Two words of advice: Try harder

Many years ago the Avis car rental company’s slogan was “We try harder.” I loved that slogan. The company was acknowledging that it was not as big as market leader Hertz, but that it wanted your business because its staff would try harder to please you (according to an article I read online by AdvertisingAge, the company dropped the phrase four years ago as it updated its image).

I’ve adopted “We try harder” as my personal motto. When someone likes a project I completed for them and thanks me, I share the former Avis slogan with them. And it got me thinking: this might be good career advice for others.

Do you want to succeed in the workplace? Then try harder. So what does that mean?

It means taking the extra time needed to do your research, to track down and interview all the people and sources important to a story and to produce quality writing. It can mean getting to the office early, staying late or even sometimes working on the weekend. It doesn’t mean sacrificing your personal life in favor of your job.

Trying harder means that when you’re at work, you give it your all. You not only try to do great work, you try harder than everyone else to do great work.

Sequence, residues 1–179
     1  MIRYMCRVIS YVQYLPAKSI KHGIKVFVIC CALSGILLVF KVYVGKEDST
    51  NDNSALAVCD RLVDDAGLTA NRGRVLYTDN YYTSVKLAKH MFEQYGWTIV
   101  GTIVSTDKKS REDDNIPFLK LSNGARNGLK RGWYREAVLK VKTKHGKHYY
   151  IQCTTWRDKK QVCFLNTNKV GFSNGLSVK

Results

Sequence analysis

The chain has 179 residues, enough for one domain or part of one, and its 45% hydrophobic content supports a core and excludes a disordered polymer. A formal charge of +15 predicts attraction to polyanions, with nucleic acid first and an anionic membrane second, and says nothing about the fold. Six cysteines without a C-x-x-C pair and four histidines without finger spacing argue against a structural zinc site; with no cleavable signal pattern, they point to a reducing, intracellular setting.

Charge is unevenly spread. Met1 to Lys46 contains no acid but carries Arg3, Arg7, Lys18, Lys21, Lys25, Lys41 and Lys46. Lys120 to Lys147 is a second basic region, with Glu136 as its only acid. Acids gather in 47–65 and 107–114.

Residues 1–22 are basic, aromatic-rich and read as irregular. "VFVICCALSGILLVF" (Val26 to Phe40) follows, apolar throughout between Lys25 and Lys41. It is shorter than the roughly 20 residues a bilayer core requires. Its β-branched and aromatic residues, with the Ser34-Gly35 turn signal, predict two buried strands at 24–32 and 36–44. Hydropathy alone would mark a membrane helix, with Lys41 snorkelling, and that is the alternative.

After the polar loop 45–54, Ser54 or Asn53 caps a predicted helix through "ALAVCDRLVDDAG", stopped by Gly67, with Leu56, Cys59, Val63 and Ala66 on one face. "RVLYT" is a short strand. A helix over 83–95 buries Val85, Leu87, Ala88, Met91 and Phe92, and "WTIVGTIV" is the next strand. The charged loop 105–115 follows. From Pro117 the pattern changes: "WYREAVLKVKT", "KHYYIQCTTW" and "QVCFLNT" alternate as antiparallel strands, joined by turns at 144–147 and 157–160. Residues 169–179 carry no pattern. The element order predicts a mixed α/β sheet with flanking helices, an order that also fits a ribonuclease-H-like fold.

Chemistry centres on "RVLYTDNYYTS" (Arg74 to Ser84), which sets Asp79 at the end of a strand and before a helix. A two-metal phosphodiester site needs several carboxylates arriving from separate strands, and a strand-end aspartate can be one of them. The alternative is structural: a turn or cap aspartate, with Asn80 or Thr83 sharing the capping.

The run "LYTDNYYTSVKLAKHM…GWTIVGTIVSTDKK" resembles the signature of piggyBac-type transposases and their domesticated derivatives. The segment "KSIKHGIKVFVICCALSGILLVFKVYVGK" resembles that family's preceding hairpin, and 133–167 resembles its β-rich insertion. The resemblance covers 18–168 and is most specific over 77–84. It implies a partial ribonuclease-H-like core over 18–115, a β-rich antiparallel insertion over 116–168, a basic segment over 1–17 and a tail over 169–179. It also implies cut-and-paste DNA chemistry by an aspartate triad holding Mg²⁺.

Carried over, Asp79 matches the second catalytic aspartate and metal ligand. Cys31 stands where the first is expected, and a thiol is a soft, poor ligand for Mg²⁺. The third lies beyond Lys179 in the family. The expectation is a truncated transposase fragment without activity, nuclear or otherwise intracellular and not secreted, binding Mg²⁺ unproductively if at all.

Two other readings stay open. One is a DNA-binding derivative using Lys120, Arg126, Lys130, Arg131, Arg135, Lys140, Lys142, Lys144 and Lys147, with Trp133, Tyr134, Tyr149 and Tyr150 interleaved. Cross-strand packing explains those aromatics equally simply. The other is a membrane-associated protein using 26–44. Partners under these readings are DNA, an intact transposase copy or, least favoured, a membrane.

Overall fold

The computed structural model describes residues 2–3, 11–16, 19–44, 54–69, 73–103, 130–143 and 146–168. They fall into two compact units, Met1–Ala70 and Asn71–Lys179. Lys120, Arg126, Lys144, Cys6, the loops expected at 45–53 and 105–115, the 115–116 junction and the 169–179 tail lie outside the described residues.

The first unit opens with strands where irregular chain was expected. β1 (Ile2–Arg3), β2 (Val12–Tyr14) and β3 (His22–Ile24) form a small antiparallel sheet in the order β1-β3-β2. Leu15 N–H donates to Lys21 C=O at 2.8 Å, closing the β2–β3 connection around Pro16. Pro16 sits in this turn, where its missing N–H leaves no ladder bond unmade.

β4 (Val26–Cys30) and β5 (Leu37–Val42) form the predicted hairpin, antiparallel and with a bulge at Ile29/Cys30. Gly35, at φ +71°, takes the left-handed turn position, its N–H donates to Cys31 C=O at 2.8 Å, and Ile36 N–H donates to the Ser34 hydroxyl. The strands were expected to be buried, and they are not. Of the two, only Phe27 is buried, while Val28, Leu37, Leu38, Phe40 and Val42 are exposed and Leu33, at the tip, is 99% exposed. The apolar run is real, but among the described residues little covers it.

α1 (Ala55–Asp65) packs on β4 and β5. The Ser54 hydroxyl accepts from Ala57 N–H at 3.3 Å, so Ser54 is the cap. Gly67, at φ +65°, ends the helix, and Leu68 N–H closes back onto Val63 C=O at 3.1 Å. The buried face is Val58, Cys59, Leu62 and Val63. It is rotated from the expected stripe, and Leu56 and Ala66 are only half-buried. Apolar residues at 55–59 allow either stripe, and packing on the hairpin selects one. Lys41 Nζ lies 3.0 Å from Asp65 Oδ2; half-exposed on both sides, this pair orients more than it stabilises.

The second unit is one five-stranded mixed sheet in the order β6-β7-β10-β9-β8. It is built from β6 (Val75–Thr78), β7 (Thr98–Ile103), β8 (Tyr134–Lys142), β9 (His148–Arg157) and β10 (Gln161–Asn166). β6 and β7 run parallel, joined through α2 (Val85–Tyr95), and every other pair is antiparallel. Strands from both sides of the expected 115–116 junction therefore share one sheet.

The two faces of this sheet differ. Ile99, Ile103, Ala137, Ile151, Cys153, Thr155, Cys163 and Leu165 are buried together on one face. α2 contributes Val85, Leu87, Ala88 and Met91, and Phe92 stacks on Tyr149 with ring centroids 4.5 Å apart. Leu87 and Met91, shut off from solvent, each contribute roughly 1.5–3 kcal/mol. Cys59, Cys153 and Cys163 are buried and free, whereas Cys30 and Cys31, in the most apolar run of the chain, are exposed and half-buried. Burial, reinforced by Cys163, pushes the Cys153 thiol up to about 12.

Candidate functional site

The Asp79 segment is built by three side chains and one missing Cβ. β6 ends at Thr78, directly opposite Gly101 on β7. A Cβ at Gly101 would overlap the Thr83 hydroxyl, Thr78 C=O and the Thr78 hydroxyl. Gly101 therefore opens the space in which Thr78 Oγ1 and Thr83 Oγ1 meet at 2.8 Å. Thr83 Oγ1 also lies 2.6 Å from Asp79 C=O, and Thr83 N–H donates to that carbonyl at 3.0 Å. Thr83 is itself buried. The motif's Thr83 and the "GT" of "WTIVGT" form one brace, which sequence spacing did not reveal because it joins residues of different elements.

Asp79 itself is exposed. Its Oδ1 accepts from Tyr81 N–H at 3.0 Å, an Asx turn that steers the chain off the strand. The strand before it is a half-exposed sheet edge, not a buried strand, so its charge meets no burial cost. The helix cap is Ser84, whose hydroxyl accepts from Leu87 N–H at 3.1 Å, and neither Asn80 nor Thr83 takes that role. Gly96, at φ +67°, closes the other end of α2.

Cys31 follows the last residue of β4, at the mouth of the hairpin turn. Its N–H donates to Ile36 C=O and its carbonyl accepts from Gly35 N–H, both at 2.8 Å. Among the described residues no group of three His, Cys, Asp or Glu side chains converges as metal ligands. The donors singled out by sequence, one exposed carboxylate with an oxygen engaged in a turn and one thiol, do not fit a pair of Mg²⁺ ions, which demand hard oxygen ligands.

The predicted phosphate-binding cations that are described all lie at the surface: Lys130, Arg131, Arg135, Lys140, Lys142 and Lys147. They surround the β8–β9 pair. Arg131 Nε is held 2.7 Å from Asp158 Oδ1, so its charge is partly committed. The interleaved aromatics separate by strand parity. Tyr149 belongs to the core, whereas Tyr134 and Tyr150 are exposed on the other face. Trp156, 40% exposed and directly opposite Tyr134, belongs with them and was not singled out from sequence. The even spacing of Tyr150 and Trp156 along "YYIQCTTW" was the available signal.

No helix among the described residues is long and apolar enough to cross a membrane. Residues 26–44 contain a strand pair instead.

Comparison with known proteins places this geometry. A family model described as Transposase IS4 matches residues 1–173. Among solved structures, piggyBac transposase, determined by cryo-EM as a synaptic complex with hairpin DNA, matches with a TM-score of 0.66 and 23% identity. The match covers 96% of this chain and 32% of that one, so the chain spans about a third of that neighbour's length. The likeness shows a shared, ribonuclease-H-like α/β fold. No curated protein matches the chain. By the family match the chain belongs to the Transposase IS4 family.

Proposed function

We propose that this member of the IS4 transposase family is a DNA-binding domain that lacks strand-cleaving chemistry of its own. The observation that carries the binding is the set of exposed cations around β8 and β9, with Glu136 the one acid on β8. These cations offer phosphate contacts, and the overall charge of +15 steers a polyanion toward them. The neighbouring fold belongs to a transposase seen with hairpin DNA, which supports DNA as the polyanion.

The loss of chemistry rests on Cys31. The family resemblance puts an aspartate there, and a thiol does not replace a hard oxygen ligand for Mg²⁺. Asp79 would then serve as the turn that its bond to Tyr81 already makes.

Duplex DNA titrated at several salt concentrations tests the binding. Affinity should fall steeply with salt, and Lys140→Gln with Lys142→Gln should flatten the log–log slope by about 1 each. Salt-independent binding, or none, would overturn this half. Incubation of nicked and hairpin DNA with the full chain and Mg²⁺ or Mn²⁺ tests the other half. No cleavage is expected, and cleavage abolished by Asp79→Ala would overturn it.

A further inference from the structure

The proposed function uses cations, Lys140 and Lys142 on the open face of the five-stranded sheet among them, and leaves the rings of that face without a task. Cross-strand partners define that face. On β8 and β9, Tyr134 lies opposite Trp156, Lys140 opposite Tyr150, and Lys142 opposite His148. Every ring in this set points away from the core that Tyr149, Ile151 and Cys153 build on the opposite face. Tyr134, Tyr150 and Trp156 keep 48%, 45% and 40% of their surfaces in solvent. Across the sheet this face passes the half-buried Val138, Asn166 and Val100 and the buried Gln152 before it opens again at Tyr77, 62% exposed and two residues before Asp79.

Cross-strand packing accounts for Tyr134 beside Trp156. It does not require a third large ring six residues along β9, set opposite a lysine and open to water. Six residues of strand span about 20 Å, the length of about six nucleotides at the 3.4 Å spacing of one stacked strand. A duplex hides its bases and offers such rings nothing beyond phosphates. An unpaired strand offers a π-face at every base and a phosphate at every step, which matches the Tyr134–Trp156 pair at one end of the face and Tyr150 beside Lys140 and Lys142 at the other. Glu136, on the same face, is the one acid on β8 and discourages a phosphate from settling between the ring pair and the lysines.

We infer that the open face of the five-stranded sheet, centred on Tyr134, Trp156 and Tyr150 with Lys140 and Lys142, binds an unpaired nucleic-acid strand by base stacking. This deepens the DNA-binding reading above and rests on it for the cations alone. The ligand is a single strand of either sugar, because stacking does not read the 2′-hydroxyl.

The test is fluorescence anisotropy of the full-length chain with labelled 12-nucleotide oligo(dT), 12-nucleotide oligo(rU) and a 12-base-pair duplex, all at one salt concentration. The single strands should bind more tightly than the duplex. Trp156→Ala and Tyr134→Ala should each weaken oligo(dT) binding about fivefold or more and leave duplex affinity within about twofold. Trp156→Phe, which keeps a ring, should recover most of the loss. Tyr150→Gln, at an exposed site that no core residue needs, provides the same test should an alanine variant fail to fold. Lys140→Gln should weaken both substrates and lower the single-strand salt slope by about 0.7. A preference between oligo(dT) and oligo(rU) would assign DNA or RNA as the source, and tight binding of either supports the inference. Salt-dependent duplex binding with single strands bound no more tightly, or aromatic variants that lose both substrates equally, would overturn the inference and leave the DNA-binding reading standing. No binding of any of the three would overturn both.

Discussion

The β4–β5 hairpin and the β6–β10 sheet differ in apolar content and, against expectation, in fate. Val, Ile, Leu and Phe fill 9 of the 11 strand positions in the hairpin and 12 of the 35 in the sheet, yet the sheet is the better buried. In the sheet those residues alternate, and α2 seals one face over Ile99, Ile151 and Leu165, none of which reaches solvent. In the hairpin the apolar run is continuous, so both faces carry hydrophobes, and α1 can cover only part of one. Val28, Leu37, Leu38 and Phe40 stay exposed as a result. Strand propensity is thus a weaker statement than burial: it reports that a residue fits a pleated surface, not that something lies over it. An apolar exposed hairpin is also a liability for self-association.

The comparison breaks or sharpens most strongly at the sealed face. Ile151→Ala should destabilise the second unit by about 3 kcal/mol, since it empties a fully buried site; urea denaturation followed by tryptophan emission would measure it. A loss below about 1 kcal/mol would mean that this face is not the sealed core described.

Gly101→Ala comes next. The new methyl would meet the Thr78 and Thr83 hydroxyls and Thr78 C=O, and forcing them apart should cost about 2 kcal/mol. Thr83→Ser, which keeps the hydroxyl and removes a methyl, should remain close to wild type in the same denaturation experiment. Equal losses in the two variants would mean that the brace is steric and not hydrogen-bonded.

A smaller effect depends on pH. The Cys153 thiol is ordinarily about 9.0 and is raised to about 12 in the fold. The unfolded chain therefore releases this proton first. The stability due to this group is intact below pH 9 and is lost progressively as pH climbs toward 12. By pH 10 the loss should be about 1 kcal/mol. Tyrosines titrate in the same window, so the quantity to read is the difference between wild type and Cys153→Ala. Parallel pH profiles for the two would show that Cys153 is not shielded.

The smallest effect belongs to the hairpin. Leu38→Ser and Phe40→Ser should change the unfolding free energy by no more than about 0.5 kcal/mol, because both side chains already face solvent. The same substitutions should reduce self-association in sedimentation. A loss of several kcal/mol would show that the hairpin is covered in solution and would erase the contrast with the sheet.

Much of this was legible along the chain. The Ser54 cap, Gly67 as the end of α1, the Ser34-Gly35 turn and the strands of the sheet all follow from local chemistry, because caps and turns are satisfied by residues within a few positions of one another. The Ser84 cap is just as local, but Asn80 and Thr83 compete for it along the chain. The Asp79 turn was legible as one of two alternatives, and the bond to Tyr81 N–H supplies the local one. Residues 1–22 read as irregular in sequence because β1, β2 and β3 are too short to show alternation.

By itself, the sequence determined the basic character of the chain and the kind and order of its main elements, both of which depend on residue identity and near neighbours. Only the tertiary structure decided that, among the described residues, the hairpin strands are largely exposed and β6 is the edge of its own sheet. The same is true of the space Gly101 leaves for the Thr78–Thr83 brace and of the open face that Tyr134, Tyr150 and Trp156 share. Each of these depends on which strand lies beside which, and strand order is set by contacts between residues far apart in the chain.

Sometimes trying harder involves writing a second or third draft of an article, putting it aside while you grab a cup of coffee and then picking it up again and reading it with fresh eyes to determine if a fourth draft is needed. Sometimes trying harder means tracking down a photo, mugshot or piece of artwork to illustrate your story.

Sometimes trying harder means not settling for mediocre or even good, even when your co-workers do. Sometimes trying harder means having higher standards than your peers and supervisors because, ultimately, the work you produce reflects not on them but on you.

Trying harder has worked for me. The opposite rarely works for anyone.

Trying harder has brought me a solid reputation at work, almost 30 communications honors, three accreditations, two lifetime achievement awards and entrance into the PRSA College of Fellows. Most importantly, it daily brings me the satisfaction knowing I’ve produced quality work of which I can be proud.

So the choice is yours. The next time you are working on a project, will you be satisfied with just okay results or will you try harder?

Share on Social

One response to “Two words of advice: Try harder”

  1. David Kennedy Avatar
    David Kennedy

    Great advice, Unger! It’s way too easy to treat writing like a task and move on to the next item on your list. Too often research and good ole fashioned news hounding are cut out of the equation.

Leave a Reply

Your email address will not be published. Required fields are marked *